* Ants also teach in formal schools, with teachers and pupils, according to a study in the journal Nature. Older ants teach younger ants how to find food, using a poking and prodding technique called tandem running. When female worker ants of the species Temnothoraxalbipennis set out for food, they take another ant to make the journey with. If the second ant doesn't know where to find food, the leader teaches her through tandem running. The process is slow. The follower pauses every once in a while—creating a gap between it and the leader—to search for landmarks. When she is ready to continue, the follower catches up and taps the leader on the hind legs. If the gap between them gets too large, the leader slows down and the follower speeds up. The opposite occurs if the gap becomes too small. This is the first non-human example of bi-directional feedback teaching—where both the teacher and pupil modify their behaviour to provide guidance at a rate suitable for the pupil's abilities. In time, the followers learn the path  and become teachers .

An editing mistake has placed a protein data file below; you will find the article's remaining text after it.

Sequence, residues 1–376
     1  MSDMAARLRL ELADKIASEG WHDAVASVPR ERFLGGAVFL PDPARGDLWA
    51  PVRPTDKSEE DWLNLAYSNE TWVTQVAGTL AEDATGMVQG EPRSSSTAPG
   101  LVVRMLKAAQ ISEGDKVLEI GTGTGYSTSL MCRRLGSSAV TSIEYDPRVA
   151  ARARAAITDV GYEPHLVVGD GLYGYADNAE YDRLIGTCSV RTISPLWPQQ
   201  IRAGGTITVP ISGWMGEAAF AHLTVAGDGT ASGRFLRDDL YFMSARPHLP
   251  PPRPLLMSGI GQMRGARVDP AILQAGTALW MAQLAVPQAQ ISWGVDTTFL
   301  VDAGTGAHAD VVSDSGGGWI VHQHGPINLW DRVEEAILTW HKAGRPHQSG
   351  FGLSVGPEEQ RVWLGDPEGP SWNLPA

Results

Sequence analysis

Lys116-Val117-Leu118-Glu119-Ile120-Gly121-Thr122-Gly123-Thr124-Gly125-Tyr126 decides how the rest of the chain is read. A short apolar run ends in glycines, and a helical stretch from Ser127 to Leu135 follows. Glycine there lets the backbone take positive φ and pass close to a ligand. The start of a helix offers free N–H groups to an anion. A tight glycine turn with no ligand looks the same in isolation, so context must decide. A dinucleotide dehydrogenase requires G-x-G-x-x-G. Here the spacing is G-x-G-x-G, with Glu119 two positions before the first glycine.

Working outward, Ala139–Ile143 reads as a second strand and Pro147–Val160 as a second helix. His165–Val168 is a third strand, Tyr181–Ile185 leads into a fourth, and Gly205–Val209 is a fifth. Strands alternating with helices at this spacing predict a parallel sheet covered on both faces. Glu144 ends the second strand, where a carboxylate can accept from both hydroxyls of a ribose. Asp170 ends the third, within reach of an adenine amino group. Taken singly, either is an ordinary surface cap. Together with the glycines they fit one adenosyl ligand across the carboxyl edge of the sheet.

* Fungus-gardening Attine ants cultivate fields of fungus to feed the colony. But have the same problems as human farmers—crop-eating pests in the form of parasitic microfungi. A study in the journal Science shows that these ants use antibiotic-producing bacteria to keep their harvests from reducing.

The undersides of these ants is covered with fuzzy white clumps, and there are tiny cavities inside, which contain bacteria producing antibiotics that are deadly to garden pests. To keep the fields clean, the ants rub the bacteria all over. The ants use special glands inside the cavities to produce food for the bacteria.

Do you still think you are superior? 

To join the animal welfare movement contact This email address is being protected from spambots. You need JavaScript enabled to view it. , www.peopleforanimalsindia.org

  • Written by Denis Giles
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Cow Dung Logs: A Lucrative Solution

By Maneka Sanjay Gandhi